2011 Helicopters State Runner-up
2012 Helicopters State Champion
2013 Robot Arm State Champion

iwonder
Admin Emeritus
Admin Emeritus
Posts: 1112
Joined: May 10th, 2011, 8:25 pm
Division: Grad
State: TX
Has thanked: 0
Been thanked: 0

Re: Robot Arm C

Post by iwonder » November 16th, 2012, 8:08 am

The issue is really your servo control, I'd start by just slowing down, it'll cost you time, but it's the easiest solution. Other than that, you could increase the ramp up/down times of the servo during the move, or just get a bigger servo.

User avatar
harryk
Exalted Member
Exalted Member
Posts: 268
Joined: March 17th, 2010, 12:28 pm
Division: Grad
State: TX
Location: C-Dub (CyWoods)
Has thanked: 0
Been thanked: 0

Re: Robot Arm C

Post by harryk » November 16th, 2012, 1:15 pm

Is the bouncing being caused by the inertia of the arm+counterweight? If so you you could try what iwonder said and move slowly or use a more powerful servo, or you cold try using a motion dampener or static brake
Colorado School of Mines
"Yes, he likes that; Alfie! Though personally he prefers to be called Stormaggedon, Dark Lord of All" - The Doctor, Closing Time

User avatar
illusionist
Member
Member
Posts: 942
Joined: March 20th, 2010, 4:13 pm
Division: C
State: MI
Has thanked: 0
Been thanked: 0

Re: Robot Arm C

Post by illusionist » November 16th, 2012, 6:19 pm

How do you calculate how much mass is required for the counterweight? I don't think this question has been brought up before... Should I weigh the arm and add that to the other end?
2012-2013 Building Event Captain
Rule 7d. "Event Supervisors are allowed to break any competitors' devices" -bearasauras

User avatar
mrsteven
Exalted Member
Exalted Member
Posts: 815
Joined: March 13th, 2011, 5:40 pm
Division: C
State: IL
Location: UIUC (Formerly BGHS)
Has thanked: 0
Been thanked: 0

Re: Robot Arm C

Post by mrsteven » November 16th, 2012, 6:34 pm

illusionist wrote:How do you calculate how much mass is required for the counterweight? I don't think this question has been brought up before... Should I weigh the arm and add that to the other end?
I used some AP Physics stuff we learned on center of masses and moments of interia with calculus. What it boils down to mostly is that you want your pivot point to be the center of mass of the system, so your counter weight needs to allow for that. The equation (XM)/Mt = Cm where X is the position from the pivot, M is mass of that part and Mt is mass total. So you would set...
(X1M1)/Mt = (x2M2)/Mt
So the mass total of the system drops out.
X1M1=x2M2
So the center of mass will be in the pivot if the position of center of mass of your arm section times the mass of the arm is equal to the mass of the counter weight times the position of it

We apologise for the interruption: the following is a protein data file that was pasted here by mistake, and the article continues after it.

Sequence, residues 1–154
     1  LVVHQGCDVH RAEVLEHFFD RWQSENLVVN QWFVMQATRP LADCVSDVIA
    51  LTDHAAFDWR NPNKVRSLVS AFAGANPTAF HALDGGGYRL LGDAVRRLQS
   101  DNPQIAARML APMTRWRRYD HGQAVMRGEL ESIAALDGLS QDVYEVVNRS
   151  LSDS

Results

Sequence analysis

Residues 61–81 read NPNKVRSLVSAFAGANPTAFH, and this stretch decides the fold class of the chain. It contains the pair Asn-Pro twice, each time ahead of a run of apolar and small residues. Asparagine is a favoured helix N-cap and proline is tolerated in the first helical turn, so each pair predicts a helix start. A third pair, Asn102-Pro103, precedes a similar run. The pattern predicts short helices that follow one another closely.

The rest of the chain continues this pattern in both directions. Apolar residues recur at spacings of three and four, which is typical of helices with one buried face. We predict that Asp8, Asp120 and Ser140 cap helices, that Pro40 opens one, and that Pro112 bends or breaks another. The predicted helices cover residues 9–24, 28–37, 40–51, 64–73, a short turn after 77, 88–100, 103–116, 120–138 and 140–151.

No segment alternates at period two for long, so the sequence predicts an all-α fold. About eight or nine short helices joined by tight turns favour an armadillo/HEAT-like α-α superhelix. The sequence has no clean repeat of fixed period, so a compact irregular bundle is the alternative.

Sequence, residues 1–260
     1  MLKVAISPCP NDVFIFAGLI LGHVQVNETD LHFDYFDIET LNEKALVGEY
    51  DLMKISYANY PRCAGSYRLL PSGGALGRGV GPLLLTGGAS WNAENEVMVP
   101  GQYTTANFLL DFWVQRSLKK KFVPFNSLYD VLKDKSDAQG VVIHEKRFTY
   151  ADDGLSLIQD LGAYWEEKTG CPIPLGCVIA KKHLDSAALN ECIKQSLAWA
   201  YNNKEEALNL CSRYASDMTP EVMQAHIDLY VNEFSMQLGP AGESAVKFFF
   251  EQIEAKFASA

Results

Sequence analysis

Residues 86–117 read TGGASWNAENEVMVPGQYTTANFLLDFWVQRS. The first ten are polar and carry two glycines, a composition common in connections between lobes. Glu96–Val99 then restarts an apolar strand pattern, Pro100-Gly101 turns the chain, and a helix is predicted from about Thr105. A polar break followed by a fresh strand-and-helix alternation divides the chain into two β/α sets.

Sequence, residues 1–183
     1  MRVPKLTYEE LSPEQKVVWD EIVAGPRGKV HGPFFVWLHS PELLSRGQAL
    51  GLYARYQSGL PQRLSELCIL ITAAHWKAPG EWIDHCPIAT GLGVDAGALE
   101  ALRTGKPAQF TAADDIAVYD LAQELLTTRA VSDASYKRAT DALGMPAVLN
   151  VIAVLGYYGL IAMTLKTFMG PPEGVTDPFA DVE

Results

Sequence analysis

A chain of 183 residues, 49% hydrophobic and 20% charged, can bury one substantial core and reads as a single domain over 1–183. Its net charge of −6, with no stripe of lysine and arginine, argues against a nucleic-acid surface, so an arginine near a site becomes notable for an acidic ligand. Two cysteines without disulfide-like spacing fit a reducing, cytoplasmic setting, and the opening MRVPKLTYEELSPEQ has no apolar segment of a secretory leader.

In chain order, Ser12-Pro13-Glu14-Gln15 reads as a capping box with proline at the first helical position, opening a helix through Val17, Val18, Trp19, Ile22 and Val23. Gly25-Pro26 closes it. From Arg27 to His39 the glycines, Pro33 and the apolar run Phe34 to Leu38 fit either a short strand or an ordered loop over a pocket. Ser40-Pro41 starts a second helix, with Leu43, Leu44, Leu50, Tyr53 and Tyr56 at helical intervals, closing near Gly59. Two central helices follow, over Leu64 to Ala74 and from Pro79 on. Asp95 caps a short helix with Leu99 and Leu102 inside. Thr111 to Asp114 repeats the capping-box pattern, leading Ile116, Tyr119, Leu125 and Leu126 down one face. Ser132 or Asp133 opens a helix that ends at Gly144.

This is where things get a little hairy. This is treating each weight as a point mass, which works remarkably well for the arm since you know the implicit masses and such involved. But your counter weight is not including the implicit weight of the bar or w/e used to hold the counter weight X2 far. Thus id tell you to talk to a calc teacher about teaching you to integrate to find the true position to use for your counter weight including the bar used to extend it, but youll have to know the density of the material your using, which is simple.

Or just test and add/subtract weight as needed :) i prefer the math but im a little weird
2011 Helicopters State Runner-up
2012 Helicopters State Champion
2013 Robot Arm State Champion

User avatar
illusionist
Member
Member
Posts: 942
Joined: March 20th, 2010, 4:13 pm
Division: C
State: MI
Has thanked: 0
Been thanked: 0

Re: Robot Arm C

Post by illusionist » November 16th, 2012, 6:44 pm

mrsteven wrote:
illusionist wrote:How do you calculate how much mass is required for the counterweight? I don't think this question has been brought up before... Should I weigh the arm and add that to the other end?
I used some AP Physics stuff we learned on center of masses and moments of interia with calculus. What it boils down to mostly is that you want your pivot point to be the center of mass of the system, so your counter weight needs to allow for that. The equation (XM)/Mt = Cm where X is the position from the pivot, M is mass of that part and Mt is mass total. So you would set...
(X1M1)/Mt = (x2M2)/Mt
So the mass total of the system drops out.
X1M1=x2M2
So the center of mass will be in the pivot if the position of center of mass of your arm section times the mass of the arm is equal to the mass of the counter weight times the position of it
This is where things get a little hairy. This is treating each weight as a point mass, which works remarkably well for the arm since you know the implicit masses and such involved. But your counter weight is not including the implicit weight of the bar or w/e used to hold the counter weight X2 far. Thus id tell you to talk to a calc teacher about teaching you to integrate to find the true position to use for your counter weight including the bar used to extend it, but youll have to know the density of the material your using, which is simple.

Or just test and add/subtract weight as needed :) i prefer the math but im a little weird
I'm currently in calc, so I understand integration and such (unless it's something specific thing I haven't learned yet). My counterweight is held ~20cm away from the pivot point (shoulder) of the arm using light material. If I weigh the whole arm, and treat the arm as a lever with the fulcrum at the shoulder and use Distance1*Mass1 = Distance2*Mass2, that should also get me pretty close, right?
2012-2013 Building Event Captain
Rule 7d. "Event Supervisors are allowed to break any competitors' devices" -bearasauras

User avatar
mrsteven
Exalted Member
Exalted Member
Posts: 815
Joined: March 13th, 2011, 5:40 pm
Division: C
State: IL
Location: UIUC (Formerly BGHS)
Has thanked: 0
Been thanked: 0

Re: Robot Arm C

Post by mrsteven » November 16th, 2012, 7:31 pm

Decently close. Besides, you dont want it to be entirely counter weighted. Make the servo do SOME work.
Its more of an AP physics topic than a calc one but we learned in both.

But if you were to inclined to make it more exact it requires a more detailed explanation than i think anyone really wants on here... You could probably google 'center of mass integration' learn, and apply.
2011 Helicopters State Runner-up
2012 Helicopters State Champion
2013 Robot Arm State Champion

Locked

Return to “2013 Build Events”

Who is online

Users browsing this forum: No registered users and 2 guests